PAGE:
The long walk from Canterbury to Rome along the Via Francigena is incredibly tiring. Certain parts are particularly difficult and require major physical as well as mental training. Other parts are so beautiful, you almost don’t notice how hard it is to walk it. This can be said of the section that goes through the Tuscany countryside near Siena, where the rolling hills meet the clear sky in the perfect place for serenity and health.
Just off the official trail of the Via Francigena, that connects Buonconvento to San Quirico d’Orcia, there is a variant that passes into the territory of Montalcino, famous for its production of Brunello wine. The town has a medieval atmosphere that blends beautifully with its panoramas onto the Val d’Orcia.
The first thing to visit on this trail is the Badia Adenga. In the Middle Ages, it was the location of an important Benedictine abbey. The current church features one of the largest crypts in the area.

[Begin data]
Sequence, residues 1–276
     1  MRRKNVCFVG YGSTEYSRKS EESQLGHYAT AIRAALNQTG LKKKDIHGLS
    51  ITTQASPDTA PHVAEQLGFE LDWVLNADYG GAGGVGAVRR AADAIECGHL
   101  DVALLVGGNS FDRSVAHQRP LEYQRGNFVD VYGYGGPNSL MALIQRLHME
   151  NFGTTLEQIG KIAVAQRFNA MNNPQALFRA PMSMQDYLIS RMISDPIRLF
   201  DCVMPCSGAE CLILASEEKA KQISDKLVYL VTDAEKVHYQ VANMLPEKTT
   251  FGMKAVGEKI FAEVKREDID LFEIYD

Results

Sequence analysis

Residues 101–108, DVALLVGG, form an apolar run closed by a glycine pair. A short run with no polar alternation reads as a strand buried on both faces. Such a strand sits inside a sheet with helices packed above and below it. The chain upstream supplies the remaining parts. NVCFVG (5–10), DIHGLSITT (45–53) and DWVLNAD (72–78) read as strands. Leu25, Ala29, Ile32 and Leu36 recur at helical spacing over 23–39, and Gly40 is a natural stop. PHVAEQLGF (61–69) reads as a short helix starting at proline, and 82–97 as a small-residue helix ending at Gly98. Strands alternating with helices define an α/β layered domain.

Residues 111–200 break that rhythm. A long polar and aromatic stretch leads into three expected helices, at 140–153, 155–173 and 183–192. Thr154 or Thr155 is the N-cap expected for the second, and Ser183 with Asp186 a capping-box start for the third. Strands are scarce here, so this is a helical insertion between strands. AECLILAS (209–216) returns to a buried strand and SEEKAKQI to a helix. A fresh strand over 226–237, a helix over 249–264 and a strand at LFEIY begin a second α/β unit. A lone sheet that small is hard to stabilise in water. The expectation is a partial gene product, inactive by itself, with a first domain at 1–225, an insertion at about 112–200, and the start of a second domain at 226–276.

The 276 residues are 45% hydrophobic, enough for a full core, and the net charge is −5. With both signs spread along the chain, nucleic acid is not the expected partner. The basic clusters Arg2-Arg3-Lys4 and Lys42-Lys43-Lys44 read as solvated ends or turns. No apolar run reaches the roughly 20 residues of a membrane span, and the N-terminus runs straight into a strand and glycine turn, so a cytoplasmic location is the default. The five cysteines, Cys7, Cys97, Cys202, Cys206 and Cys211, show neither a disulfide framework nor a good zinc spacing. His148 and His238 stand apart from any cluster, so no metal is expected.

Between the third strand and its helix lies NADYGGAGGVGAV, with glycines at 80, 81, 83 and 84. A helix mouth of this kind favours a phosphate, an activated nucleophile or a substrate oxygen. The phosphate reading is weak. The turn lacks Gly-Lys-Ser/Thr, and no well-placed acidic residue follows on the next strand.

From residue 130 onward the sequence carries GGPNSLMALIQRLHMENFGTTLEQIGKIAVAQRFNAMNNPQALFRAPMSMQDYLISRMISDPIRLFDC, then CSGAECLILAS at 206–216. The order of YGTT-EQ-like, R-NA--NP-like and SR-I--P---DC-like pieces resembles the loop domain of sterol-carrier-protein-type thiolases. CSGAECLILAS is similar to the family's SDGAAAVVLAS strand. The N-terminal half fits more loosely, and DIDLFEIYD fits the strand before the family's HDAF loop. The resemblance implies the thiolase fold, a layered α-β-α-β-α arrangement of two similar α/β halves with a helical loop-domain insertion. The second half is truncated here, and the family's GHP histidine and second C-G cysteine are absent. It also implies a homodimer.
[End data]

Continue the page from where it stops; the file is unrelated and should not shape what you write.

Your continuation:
The nearby church of the Madonna delle Grazie dates to at least the 14th century, when it was the Oratory used by the Abbot of Sant’Antimo for the distribution of indulgences.
Access the town of Montalcino through Porta Burelli, a large and fortified opening, parts of which have been transformed into housing. Going through the large double door, noting its Saracen influence, you head in the direction of Poggio Civitella, a 6th-century inhabitation that crawls up the gentler sides of a large hill.
The much awaited destination is the Abbey of Sant’Antimo, which legend says was founded by Charlemagne himself. There are remains of the original Carolingian structure in the apsidal areas, such as the sacristy (which was the antique church) and the small crypt with three naves punctuated with porphyry columns. The current church dates to 1118 as per an inscription on the high altar.
One of the Abbey’s most important characteristics is the material out of which it was made – travertine marble, with alabaster veins, which comes from the nearby quarries at Castelnuovo dell'Abate.